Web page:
Serve with maple syrup, honey, dusted with icing sugar or with whatever strikes your fancy.

* homemade buttermilk: to make 1 cup buttermilk place 1 tablespoon lemon juice in a 240ml-capacity measuring cup and complete with whole milk (room temperature). Wait 10 minutes for it to thicken slightly, then use the whole mixture in your recipe

Makes about 10

Wednesday, November 26, 2014

Whole wheat thumbprint cookies

Whole wheat thumbprints / Biscoitinhos thumbprint integrais

After making a batch of cookies that failed miserably, a lovely friend of mine asked what my favorite cookie recipe was and I found the question a very difficult one - I have baked several different cookies so far and have more than one that I love. Since the failed recipe was for chocolate chip cookies I stayed on that subject and told her that one of my favorites are Kim Boyce’s whole wheat choc chip cookies – they are delicious beyond words and before making them I would never have believed that a cookie made exclusively with whole wheat flour could be so good.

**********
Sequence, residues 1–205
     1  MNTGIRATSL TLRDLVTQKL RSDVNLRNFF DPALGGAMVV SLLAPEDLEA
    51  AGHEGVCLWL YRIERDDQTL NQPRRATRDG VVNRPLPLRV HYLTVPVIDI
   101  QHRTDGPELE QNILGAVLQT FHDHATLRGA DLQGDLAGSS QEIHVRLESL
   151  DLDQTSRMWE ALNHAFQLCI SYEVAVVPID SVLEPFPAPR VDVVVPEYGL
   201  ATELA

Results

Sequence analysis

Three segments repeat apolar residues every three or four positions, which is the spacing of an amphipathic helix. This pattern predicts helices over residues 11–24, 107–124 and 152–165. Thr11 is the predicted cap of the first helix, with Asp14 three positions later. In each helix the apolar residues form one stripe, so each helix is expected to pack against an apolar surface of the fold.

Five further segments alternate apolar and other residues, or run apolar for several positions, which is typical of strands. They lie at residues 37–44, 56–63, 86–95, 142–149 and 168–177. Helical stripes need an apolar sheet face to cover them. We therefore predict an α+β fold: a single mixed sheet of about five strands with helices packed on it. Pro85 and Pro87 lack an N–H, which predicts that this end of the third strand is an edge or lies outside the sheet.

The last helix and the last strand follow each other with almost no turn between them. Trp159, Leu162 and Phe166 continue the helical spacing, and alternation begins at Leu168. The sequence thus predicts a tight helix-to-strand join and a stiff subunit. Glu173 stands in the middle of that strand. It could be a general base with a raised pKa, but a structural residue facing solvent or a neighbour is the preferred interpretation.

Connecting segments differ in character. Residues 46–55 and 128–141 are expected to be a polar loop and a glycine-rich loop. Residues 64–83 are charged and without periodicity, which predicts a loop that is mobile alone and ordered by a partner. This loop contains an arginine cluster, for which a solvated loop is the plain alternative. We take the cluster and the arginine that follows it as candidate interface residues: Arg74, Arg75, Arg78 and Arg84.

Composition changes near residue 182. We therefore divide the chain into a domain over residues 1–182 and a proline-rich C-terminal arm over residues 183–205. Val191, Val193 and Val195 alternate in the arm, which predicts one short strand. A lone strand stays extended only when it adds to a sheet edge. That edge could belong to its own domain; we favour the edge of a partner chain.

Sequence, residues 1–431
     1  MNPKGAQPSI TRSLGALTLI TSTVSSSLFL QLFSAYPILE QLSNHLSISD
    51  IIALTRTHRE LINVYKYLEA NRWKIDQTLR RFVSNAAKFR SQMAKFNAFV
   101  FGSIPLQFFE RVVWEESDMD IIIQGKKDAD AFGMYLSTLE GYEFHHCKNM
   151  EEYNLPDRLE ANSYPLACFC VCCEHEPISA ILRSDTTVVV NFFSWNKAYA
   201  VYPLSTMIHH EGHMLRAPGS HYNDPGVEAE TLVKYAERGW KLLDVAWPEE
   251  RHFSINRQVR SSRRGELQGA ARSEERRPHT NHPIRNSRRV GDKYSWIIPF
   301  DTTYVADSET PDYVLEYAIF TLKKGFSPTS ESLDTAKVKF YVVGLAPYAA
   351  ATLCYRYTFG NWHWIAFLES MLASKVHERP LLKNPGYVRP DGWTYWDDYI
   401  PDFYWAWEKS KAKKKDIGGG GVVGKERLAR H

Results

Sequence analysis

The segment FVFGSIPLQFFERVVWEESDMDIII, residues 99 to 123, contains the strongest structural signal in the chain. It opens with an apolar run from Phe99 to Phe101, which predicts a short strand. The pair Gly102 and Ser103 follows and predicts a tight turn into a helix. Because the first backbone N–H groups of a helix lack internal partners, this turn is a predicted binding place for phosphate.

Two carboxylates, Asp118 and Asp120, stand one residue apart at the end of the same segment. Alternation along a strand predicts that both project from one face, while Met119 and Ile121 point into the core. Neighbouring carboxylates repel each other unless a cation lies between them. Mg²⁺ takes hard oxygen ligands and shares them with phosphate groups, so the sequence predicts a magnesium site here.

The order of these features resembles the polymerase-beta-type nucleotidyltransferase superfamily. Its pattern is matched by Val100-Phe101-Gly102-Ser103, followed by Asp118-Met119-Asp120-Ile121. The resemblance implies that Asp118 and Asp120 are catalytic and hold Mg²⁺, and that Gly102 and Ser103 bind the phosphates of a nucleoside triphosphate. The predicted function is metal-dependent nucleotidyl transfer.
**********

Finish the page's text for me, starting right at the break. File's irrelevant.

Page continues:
On that same day, I still had my mind set on baking more cookies – bad recipes drive me nuts, I’ll say – and decided to bake another cookie recipe made with whole wheat flour, but this time there was a little hazelnut meal to make them even nuttier: Louise Fulton Keats’ thumbprints, filled with blackberry jam. They turned out delicious and were super easy to put together – another win for whole wheat flour.

Two days later the cookies were a bit on the soft side, but still tasty – it didn’t bother me much, but next time I’ll try baking them without the jam first and then fill them when they are out of the oven and see if that fixes the problem.